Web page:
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Friday, December 16, 2016

So, you might have detected a somewhat negative vibe recently.

As in, regarding Catholicism.

Indeed, you would be correct. 

It is difficult to see the current era as anything less than a "progressive" demolition of what was left of the pre-VatToo church and its replacement with a flabbier, preachier version of liberal mainline Protestantism. 

The latest trial balloon from the pontificate's point-man theologian is a call for "intercommunion." Because, as with divorce and remarriage (and contrary to the claims this is a "pastor" focused on the wider church), this is a "pressing" issue in the de-Christianized West. Plus, as a bonus, the Church's Catholic distinctives can once again be immolated on the altars of that most jealous of gods, Ecumenism. 

In reality, intercommunion is at most a small problem. In mature mixed marriages, the parties understand the restrictions and don't presume entitlement to the prerogatives of full membership in their spouse's community. Or, if they want to, they choose to convert to get access to the Catholic sacrament.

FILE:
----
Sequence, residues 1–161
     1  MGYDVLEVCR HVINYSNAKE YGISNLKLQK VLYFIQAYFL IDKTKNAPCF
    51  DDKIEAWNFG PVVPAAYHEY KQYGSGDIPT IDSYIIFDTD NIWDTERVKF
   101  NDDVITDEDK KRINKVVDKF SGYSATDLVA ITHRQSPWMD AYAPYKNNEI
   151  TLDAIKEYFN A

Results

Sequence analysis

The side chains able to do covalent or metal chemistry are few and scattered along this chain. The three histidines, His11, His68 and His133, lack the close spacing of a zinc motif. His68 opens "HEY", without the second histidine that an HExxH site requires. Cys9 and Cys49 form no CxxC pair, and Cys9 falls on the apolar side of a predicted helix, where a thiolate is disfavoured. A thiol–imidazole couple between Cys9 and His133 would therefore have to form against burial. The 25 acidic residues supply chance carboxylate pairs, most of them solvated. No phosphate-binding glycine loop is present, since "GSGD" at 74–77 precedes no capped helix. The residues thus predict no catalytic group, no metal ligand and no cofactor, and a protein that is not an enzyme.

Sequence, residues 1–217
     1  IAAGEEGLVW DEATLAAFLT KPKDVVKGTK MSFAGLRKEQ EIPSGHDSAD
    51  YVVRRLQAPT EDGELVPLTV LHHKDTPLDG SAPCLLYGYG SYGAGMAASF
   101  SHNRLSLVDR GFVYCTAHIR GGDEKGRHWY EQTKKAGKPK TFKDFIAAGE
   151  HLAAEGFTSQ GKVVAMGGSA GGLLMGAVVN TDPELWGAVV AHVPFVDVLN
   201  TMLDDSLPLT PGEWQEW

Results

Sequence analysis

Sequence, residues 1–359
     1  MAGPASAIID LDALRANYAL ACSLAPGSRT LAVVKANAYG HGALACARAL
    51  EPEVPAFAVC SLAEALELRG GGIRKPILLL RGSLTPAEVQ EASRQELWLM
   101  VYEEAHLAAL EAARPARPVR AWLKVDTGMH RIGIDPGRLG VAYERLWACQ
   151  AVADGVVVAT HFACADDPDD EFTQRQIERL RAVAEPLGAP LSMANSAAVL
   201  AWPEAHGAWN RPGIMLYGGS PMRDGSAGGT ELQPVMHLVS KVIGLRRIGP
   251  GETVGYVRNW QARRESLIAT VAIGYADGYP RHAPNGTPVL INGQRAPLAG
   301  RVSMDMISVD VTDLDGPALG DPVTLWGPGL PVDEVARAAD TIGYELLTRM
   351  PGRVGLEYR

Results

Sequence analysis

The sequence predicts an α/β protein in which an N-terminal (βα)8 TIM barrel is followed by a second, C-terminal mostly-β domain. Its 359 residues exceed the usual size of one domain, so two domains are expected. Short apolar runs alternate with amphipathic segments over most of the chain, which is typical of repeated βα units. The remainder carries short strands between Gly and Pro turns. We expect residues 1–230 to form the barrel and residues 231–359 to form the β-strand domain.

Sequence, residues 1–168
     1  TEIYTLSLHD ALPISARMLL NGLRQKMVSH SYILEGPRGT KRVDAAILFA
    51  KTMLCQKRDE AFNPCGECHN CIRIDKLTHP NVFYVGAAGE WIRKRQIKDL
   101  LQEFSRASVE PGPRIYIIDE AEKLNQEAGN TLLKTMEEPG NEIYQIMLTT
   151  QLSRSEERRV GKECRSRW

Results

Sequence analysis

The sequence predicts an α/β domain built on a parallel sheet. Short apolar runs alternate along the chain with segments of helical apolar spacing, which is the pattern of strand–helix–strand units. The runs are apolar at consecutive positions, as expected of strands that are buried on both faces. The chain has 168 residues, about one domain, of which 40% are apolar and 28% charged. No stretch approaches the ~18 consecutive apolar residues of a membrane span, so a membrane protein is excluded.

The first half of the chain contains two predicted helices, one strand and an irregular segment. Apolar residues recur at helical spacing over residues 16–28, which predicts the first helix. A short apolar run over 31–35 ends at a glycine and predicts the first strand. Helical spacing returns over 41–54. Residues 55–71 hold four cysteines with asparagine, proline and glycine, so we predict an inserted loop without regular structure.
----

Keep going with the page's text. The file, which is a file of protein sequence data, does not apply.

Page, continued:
So, the real motivation is not some vanishingly small number of immature people who carp about some imagined entitlement. The real goal is the erosion of Catholic identity. 

Think about it:

A Catholic who advocates for "intercommunion" is arguing against the Catholic faith. He is saying that one need not ever profess Catholicism to receive the Body and Blood--to be in actual full communion with the Church. One need not believe in all that crap to receive the so-called source and summit of the Catholic faith. Indeed, one of the Lutheran ministers who met with the Bishop of Rome said as much in an interview:

In the Catholic Church, if you receive the Eucharist in the wrong state, without for example consenting to the main dogmas of the Church, then you’re in fact bringing condemnation upon yourself. Do you agree this is a danger?